In cancer patients, the number of tumor-associated immune cells is correlated with poor prognosis.
Reducing these cells in mouse models of breast cancer reduces tumor metastasis, indicating that tumor-immune interactions are critical for cancer progression. In this issue of the Journal of Clinical Investigation
, Shelley Earp and colleagues at the University of North Carolina a Chapel Hill demonstrate that removal of the protein MerTK from immune cells decreased tumor growth in mouse models of breast cancer, melanoma, and colon cancer.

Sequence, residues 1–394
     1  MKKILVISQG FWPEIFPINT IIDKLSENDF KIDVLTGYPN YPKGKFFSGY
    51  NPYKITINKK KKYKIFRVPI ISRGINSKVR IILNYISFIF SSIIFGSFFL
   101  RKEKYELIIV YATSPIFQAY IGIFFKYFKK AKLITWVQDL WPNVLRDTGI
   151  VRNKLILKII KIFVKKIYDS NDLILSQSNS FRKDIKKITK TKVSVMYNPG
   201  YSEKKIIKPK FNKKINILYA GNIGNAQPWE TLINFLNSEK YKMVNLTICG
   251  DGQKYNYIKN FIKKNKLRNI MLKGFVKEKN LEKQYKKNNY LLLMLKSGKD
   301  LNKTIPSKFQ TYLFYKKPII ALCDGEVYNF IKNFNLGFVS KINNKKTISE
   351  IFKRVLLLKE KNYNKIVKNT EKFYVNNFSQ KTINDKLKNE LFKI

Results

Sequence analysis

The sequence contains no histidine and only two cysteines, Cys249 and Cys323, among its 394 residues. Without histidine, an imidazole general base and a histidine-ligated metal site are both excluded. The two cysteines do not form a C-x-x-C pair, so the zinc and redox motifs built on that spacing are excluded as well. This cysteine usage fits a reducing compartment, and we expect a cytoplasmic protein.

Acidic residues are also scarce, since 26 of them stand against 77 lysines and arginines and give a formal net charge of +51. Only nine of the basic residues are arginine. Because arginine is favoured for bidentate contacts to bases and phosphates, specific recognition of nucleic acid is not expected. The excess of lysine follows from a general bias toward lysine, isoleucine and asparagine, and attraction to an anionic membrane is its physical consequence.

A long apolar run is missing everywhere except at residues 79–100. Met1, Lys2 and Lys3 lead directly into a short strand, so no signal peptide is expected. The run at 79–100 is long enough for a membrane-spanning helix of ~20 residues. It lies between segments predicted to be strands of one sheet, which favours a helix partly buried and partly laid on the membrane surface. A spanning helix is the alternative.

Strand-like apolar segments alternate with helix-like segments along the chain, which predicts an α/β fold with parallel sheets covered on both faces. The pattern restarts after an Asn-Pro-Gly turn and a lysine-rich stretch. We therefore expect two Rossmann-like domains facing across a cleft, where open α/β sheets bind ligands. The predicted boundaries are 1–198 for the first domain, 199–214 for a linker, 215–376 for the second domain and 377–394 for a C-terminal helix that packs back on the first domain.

Loss of MerTK reduced the release of molecules associated with inflammation. These findings suggest that drugs that inhibit MerTK may stimulate anti-tumor responses and could potentially have clinical benefit.